4 Trends We’re Seeing in the Strategist Portfolio Space

Over the past several years, advisors have been increasingly partnering with strategist firms, like our own Fund Strategist Network, to help with the investment management component of their practice. While traditionally a key aspect of an advisor’s value proposition, outsourcing asset allocation, portfolio construction, tax management, risk management, and related activities to these firms has given advisors the opportunity to focus on other wealth management services to help enrich the client experience, enhance relationships, and enable improved outcomes.

We asked our own Brooks Friederich, Director of Research Strategy for Envestnet | PMC, to share the top trends he’s currently seeing in the strategist portfolio space. Advisors (and investors) are more aware of fees.

1. Advisors (and investors) are more aware of fees.

Culturally, buyer behavior is changing. Investors are growing accustomed to shopping for deals and seeking out savings. With investors’ growing awareness of what they’re paying (and the value they’re getting back in return), advisors are taking a more focused, cost-aware approach to their fee structure. Where it strategically makes sense for both their business and clients, they’re looking for opportunities to provide lower-cost services and solutions.

2. Advisors are increasingly adopting UMA technology.

With Unified Managed Account (UMA) technology, advisors are combining multiple strategist models or managers within one account to better meet their clients’ investment objectives. This targeted approach can lead to customized portfolios, in a way that’s scalable, without draining time or resources. Often, advisors are selecting one core multi-asset solution that meets a client’s risk tolerance, for example, and then complementing that with other portfolios that focus on niche asset classes or investment themes, such as impact investing or income, for example, depending on their clients’ goals and their own preferences for portfolio management.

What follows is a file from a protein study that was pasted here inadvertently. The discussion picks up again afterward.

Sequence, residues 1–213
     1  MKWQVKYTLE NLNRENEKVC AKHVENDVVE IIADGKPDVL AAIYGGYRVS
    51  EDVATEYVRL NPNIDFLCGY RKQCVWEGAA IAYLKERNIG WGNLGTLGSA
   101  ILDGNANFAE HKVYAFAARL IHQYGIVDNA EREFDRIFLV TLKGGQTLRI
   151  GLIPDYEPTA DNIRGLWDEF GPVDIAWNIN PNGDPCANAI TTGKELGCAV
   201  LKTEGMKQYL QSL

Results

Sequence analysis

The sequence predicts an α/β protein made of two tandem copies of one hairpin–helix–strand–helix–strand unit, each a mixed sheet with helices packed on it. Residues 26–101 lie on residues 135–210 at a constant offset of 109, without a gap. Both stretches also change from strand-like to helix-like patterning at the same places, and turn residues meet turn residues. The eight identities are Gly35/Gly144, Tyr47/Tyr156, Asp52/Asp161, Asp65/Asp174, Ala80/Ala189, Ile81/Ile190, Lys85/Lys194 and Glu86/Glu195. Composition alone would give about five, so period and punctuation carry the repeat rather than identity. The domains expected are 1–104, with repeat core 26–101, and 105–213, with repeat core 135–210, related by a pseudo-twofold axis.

3. Advisors are partnering with only a few select firms.

We’re starting to see advisors gravitate towards aligning themselves with just two or three strategist management firms, large or small, to enhance their value proposition. Rather than maintaining a rolodex of relationships, they’re most often choosing to work with those with whom they’ve had a good experience. An added benefit to this structure is that an advisor can more easily communicate the value of these partnerships to their clients and can more effectively scale their business by leveraging these trusted combinations.

4. Advisors are more flexible with how they run their practice.

This really speaks to the greater trend in advisors partnering with strategist firms. That decision is often related to increased flexibility with how advisors define and communicate their value proposition and the way that they run their business. They’re more comfortable giving these firms the responsibility of managing the investments and building the models because it enables them to offer their clients a broader array of wealth management services, such as lending and insurance. So, while previously advisors may have communicated their value based on their expertise in selecting individual investments and managing the portfolio, they’re now able to offer that service through outsourcing – and complement it with robust offerings related to financial planning – services that have the potential to play a significant role in helping an investor achieve financial wellness.

The impact of strategist firms on advisors’ ability to grow and offer new services, as well as the potential benefit to investors, could make this space one worth watching in the coming months and years. We’ll continue to keep you updated with what we’re seeing and where we think the industry is headed.

The information, analysis and opinions expressed herein are for informational purposes only and do not necessarily reflect the views of Envestnet. These views reflect the judgment of the author as of the date of writing and are subject to change at any time without notice. Nothing contained in this piece is intended to constitute legal, tax, accounting, securities, or investment advice, nor an opinion regarding the appropriateness of any investment, nor a solicitation of any type.